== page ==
Congolese Bishops

Pushcarts vie with cars for supremacy in the streets.

On July 13, we drove around downtown Kinshasa, and I marveled at the traffic.  We were not far from the city center, with its enormous soccer stadium, Hall of Justice, and the government center.  We dropped Albert Shuyaka off at a school where he could get a new identity card.  He had been out of the country for five years, and needed to register to vote.  This fall President Joseph Kabila will again be running for President, and Albert wants to vote in the election.

The Congo's 47 dioceses are coordinated here.

We visited the Interdiocesan Center and called upon Bishop Djomo, our host and the President of the Congolese Bishops’ Conference.  The Congo’s Catholic bishops, with the help of state funds, run almost half of the country’s schools.  Bishop Djomo told us about his plan to hire some 600 unemployed young people to work on road improvements and bridges in his own Diocese of Tshumbe.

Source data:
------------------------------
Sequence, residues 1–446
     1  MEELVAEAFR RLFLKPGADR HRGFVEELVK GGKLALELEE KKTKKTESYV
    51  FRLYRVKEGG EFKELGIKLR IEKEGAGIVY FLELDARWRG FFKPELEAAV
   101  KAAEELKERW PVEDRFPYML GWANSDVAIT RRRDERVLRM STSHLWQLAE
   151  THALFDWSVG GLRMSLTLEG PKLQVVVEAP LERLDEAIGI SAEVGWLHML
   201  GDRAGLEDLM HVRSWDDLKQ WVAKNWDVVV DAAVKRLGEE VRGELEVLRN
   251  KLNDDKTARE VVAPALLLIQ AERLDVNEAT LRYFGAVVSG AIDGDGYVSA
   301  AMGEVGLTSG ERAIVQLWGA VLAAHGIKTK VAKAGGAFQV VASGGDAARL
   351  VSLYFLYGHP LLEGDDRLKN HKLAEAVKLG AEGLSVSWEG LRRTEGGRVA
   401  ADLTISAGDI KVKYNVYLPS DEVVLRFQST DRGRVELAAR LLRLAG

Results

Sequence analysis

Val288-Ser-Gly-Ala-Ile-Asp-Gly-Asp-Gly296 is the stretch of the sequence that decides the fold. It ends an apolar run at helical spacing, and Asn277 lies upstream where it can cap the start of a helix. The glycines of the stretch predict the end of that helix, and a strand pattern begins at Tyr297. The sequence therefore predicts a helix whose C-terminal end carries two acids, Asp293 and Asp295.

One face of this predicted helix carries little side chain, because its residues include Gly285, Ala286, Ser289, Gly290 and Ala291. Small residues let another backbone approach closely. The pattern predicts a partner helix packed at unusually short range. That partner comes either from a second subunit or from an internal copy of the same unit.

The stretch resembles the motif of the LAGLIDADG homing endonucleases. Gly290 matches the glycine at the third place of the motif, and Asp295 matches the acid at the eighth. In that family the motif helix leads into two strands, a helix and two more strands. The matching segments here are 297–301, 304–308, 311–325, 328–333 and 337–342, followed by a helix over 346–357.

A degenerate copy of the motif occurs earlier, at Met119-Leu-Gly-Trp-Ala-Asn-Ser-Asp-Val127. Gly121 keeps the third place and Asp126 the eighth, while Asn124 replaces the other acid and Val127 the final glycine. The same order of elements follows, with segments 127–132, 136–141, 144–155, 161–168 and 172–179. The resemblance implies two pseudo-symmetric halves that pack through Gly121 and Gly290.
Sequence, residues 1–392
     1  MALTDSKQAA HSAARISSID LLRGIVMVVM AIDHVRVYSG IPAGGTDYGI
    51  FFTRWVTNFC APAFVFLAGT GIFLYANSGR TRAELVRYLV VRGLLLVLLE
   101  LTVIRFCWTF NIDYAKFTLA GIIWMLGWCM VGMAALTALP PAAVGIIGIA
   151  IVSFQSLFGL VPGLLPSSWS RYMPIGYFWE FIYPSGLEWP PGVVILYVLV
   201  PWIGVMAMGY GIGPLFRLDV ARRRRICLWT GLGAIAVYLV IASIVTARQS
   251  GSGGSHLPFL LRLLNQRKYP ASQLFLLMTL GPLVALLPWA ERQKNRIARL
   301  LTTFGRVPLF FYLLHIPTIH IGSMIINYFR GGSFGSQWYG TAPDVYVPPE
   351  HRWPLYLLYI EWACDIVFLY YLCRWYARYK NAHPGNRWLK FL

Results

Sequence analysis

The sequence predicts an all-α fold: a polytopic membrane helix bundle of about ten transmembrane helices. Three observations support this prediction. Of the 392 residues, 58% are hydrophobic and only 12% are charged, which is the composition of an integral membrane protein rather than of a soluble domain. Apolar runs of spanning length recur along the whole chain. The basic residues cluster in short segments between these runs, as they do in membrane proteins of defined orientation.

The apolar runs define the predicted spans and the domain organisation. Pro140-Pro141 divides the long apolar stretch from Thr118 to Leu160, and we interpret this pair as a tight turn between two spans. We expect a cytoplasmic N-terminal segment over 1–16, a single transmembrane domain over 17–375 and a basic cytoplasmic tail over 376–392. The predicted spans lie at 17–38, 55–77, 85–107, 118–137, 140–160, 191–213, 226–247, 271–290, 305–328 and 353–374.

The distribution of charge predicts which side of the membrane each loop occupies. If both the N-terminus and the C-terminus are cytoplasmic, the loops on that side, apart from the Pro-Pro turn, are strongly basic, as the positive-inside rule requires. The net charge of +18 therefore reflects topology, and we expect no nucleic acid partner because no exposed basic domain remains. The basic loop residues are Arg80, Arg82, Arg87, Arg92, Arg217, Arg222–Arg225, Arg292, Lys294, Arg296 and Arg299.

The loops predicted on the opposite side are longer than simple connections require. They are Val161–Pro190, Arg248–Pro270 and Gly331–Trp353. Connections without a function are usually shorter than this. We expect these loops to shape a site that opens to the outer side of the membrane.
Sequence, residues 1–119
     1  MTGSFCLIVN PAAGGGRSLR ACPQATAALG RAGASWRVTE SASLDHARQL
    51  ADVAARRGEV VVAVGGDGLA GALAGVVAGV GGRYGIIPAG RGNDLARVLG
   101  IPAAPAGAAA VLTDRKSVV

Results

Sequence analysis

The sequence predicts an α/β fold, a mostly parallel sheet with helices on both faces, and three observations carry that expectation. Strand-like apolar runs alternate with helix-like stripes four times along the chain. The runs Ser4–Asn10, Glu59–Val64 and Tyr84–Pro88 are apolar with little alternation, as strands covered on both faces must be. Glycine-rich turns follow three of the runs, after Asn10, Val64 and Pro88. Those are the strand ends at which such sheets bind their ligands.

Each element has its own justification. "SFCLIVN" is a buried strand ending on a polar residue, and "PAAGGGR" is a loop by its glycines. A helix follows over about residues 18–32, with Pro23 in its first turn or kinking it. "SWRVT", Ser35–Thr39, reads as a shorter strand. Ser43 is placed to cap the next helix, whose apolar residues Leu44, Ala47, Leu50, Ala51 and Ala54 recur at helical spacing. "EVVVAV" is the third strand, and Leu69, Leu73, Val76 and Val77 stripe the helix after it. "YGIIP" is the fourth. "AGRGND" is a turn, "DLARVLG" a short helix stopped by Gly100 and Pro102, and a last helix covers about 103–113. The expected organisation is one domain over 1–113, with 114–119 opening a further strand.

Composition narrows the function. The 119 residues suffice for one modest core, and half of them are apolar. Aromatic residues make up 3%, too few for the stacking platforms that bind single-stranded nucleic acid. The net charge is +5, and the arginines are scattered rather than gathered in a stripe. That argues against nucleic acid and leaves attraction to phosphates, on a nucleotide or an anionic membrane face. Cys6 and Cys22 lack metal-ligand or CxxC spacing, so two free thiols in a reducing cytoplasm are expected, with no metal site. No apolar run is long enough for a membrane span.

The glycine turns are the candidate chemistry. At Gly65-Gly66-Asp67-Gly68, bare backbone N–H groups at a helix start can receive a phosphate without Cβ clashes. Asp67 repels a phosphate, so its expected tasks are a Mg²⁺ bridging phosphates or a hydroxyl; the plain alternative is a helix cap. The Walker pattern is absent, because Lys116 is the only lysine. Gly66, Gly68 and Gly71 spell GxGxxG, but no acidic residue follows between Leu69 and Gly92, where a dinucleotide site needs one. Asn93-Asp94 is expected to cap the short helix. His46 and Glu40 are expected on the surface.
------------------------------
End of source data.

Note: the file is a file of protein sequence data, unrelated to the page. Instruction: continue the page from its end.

Msgr. Peter Nugent and Bishop Nicolas Djomo confer at the Interdiocesan Center in Kinshasa.

Bishop Djomo expressed his delight that the U.S. Congress passed the Congo Conflict Mineral amendment in the financial reform act of July 15, 2010.  U.S. companies must disclose whether they extract “conflict minerals,” such as coltan, from mines controlled by militias.  The U.S. State Department is now developing a map of militia-controlled mines and mining companies must develop a plan to solve the problem.  To understand the Congo, you need to study a map.

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